Cruel Intentions

Cruel Intentions is a 1999 American teen romantic drama film written and directed by Roger Kumble and starring Sarah Michelle Gellar, Ryan Phillippe, Reese Witherspoon, Selma Blair. The film is an adaptation of the novel Les Liaisons dangereuses, written by Pierre Choderlos de Laclos in 1782, but set among wealthy teenagers attending high school in New York City instead of 18th-century France; the film started as a smaller budget independent film, but was picked up by Columbia Pictures and released on March 5, 1999. Despite mixed critical reviews, the performances of Gellar and Witherspoon were praised. Cruel Intentions was a box office success. In an upscale New York City mansion and popular teenager Kathryn Merteuil discusses her prep school with Mrs. Caldwell and her daughter, Cecile. Kathryn promises Mrs. Caldwell; when Kathryn's stepbrother Sebastian Valmont enters the room, Mrs. Caldwell reacts to him coldly and leaves with Cecile. Kathryn tells Sebastian that she intends to use Cecile to take revenge on her ex-lover Court Reynolds, who dumped her for Cecile.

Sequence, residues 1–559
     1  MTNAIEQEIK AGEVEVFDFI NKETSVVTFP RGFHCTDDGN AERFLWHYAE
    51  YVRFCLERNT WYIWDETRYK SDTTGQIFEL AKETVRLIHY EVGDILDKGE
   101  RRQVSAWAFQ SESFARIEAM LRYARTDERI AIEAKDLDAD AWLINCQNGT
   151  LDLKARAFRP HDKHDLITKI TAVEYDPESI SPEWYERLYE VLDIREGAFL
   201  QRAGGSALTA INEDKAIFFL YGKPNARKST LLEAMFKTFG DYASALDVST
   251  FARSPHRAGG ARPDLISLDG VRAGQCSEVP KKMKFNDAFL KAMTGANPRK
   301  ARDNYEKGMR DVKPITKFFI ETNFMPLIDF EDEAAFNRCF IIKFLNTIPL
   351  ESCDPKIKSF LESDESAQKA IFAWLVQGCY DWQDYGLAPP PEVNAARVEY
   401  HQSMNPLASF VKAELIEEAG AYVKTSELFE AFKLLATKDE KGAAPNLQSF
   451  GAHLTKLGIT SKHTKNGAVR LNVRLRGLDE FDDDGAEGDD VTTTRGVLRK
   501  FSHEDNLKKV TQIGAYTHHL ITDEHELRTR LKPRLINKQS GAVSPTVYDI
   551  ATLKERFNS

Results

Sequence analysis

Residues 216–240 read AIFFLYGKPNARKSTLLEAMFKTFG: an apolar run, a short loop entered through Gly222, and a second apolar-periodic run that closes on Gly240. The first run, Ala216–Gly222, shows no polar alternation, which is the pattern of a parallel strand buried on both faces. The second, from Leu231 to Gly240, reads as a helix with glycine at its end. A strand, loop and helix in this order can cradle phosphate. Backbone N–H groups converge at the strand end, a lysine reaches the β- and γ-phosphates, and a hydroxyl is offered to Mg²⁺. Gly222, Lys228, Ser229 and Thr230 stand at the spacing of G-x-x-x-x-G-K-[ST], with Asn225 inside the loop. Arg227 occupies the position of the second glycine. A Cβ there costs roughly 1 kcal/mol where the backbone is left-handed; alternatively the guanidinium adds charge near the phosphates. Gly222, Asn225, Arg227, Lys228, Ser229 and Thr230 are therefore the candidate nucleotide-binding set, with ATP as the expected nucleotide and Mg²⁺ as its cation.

Kathryn asks Sebastian to seduce Cecile. Sebastian refuses because he is planning to seduce Annette Hargrove, the headmaster's virgin daughter, who has published an essay in support of chastity until marriage. After some negotiation, they agree on a wager: if Sebastian fails to seduce Annette, Kathryn gets Sebastian's vintage Jaguar XK140. Sebastian's first attempt to seduce Annette fails, as she knows about his bad reputation. Sebastian discovers that Cecile's mother, warned Annette about him, he agrees to corrupt Cecile out of revenge. Meanwhile, Cecile confides in Kathryn about her romance with Ronald Clifford. Kathryn reveals the romance to Mrs. Caldwell. Sebastian lures Cecile to his house, he blackmails Cecile in order to perform oral sex on her. The next day, Cecile confides in Kathryn, who advises her to be as promiscuous as possible to please Ronald. Sebastian begins to fall in love with Annette, who returns his feelings but is still hesitant. Sebastian calls her a hypocrite because although she claims to be waiting for her one true love, she resists him when he chooses to love her back.